Subject: RebaReview #4: 8-3-91 Amy Skelton's Farm
From: Tim Wade <>

Don't Put No Reba In The Bottle! (RebaReview #4)
8-3-91 Amy Skelton's Farm,
Auburn, ME set II
Time:   10:57 (w/ whistling)
FWIW, I took the title for this review from the YEM featuring the
Dude of Life during set two of this show...I'll be darned if the
Dude isn't chanting "Don't put no gerbil in the bottle".  It's things
like that that make me appreciate the genius of the Dude. =)
Towards the end of what must have been a very enjoyable
summer run with the Horns, this seems like fan appreciation day,
or something.  The whole show, while lacking in amazing
performances, is full to the brim with crowd pleasers.  I don't
listen to it much these days, but it was heavy in my rotation for a
while.  One of my favorite parts of this show is the set two
opener, a song that is dear to my heart, The Curtain, opening
directly on to Reba...woo hoo!
THE DIRECTIONS (0:00):  A little sloppy on the opening, and that
carries over into the first verse just a little bit.  Mostly smoothed
out by the first chorus.  Not the sharpness we've grown
accustomed to in this section, but after all, Reba is only a couple
of years old at this point.  Also, I'm hearing chipmunks, so my
recording is fast.  That in mind, the directions seem pretty clear.
Let's take
THE SIP (2:26):   Maybe Trey is a little fast, maybe it's just the
tape.  In any case, it still doesn't seem too sharp at first.  The mix
is heavy on Trey and Mike, I'm not hearing Page very clearly.
Trey's not playing badly here, but again it's not what I would call
sharp...a few small misses here and there.  Solid, standard build
at the end. Sip doesn't taste too bad, let's take
THE SWALLOW (4:46): Even accounting for the Chipmunk effect,
Trey sounds sharp.  Mike sounds fat, and Page is still faint.
Nothing special from Fish, average fills after the second swallow.
Off we go into
THE CHILL (6:07): Steady Reba-bop to get us moving...You can
hear Trey's fingers on the strings here, searching for a line.  He
hits the final swallow chord again for reference, then falls quiet,
listening to Page's steady chords.  Page starts some rising fills, to
which Trey responds by easing in a high accent note, quickly
letting that note establish 4/4 time.  At 6:46 he slides/bends up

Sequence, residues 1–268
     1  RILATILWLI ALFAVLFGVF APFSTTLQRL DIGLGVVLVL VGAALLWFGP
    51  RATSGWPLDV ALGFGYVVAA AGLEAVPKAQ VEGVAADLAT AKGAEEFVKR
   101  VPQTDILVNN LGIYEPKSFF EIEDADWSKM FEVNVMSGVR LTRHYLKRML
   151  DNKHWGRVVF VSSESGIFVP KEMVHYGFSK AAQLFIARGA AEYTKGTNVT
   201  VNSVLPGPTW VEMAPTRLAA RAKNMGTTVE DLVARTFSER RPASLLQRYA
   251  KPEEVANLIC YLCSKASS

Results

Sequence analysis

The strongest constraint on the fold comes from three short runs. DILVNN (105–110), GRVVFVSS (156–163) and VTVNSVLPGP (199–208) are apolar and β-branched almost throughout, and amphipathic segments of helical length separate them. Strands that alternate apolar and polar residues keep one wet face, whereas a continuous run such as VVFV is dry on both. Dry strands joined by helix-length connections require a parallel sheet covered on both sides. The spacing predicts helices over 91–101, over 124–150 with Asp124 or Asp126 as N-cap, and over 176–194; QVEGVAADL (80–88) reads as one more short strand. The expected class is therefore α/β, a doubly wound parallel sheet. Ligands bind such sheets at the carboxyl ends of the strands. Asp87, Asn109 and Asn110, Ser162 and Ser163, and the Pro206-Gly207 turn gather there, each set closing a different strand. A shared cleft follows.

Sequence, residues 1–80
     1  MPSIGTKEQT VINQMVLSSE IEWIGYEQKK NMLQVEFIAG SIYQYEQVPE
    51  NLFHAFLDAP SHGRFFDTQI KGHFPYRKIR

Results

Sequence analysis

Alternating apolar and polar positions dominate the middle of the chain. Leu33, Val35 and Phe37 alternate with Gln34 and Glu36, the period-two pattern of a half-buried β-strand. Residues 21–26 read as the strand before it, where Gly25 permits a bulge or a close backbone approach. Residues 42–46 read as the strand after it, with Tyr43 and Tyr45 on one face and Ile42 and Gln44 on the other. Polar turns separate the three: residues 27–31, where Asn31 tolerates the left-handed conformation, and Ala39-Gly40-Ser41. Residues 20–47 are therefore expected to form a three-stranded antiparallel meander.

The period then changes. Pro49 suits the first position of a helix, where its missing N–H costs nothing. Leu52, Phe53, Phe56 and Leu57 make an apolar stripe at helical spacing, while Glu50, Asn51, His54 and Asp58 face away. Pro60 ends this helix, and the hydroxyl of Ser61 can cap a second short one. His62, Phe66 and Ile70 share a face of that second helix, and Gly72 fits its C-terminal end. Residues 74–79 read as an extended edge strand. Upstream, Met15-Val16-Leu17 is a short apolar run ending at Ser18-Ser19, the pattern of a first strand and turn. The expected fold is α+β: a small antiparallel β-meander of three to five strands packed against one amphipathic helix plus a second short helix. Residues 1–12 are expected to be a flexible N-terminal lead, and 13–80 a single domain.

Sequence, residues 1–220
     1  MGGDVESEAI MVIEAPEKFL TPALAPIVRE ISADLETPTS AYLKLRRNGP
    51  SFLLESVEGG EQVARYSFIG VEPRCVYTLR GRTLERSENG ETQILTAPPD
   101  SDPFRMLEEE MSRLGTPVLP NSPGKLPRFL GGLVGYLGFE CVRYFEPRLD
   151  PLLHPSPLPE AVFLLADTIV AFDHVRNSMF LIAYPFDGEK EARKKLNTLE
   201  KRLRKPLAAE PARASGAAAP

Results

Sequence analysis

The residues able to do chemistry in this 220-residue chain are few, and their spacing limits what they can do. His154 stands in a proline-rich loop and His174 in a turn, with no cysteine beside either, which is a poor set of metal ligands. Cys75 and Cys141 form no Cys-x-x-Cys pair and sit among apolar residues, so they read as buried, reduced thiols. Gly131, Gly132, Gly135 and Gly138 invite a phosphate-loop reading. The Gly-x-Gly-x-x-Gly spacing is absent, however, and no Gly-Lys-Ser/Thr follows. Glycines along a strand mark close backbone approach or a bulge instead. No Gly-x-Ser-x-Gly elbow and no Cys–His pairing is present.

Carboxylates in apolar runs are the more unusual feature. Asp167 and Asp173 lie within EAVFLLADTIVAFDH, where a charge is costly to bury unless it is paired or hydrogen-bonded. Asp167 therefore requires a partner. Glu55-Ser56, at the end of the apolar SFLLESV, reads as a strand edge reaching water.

and sustains for two or so measures, then back to the 4/4 note.
This gets repeated once, ending at 7:05 when we switch abruptly
to basic Reba jamming.  Mike sounds really good here, and decent
noodling from Trey with some more brief sustains...a small 'pop'
ouccurs at 7:25.  Trey finds a lick to play with, alternating with
ascending/descending notes at the end for flavor.  Increasing
cymbal action from Fish accentuates the build, and we
shift/release at 7:45.  Let's call it a shift...not much more than
some Reba brand noodles leading up to the next shift, about 8:05.
More high-fret noodles coming, but Fish is getting the feel now,
inserting better fills, mostly with the snare.  A minor shift
precedes a more earnest attempt at a Reba release...Trey works it
through one time, leading Fishman to build on the 4/4 rhythm,
leading up to a standard Reba release note at 9:02.  We have one
last run through of release jamming, nothing spectacular,
culminating in the closing roll at 9:22.
THE WET WHISTLE (9:33): The whistling is OK, but Trey still
sounds a little off to me...this smooths out somewhat once
everyone works their way in.  Final note at 10:57, with Chalkdust
starting up a second or two later.
To pump a setlist full of songs, you have to expect that jamming
will be sacrificed, plus Reba hasn't even reached her second
birthday at this it's not a big surprise this isn't more
than an average version.  This whole show is the kind of thing I
might throw in while cleaning on a Sunday afternoon, but not
something I'd listen to for fun.
Finest in the nation?  Survey says: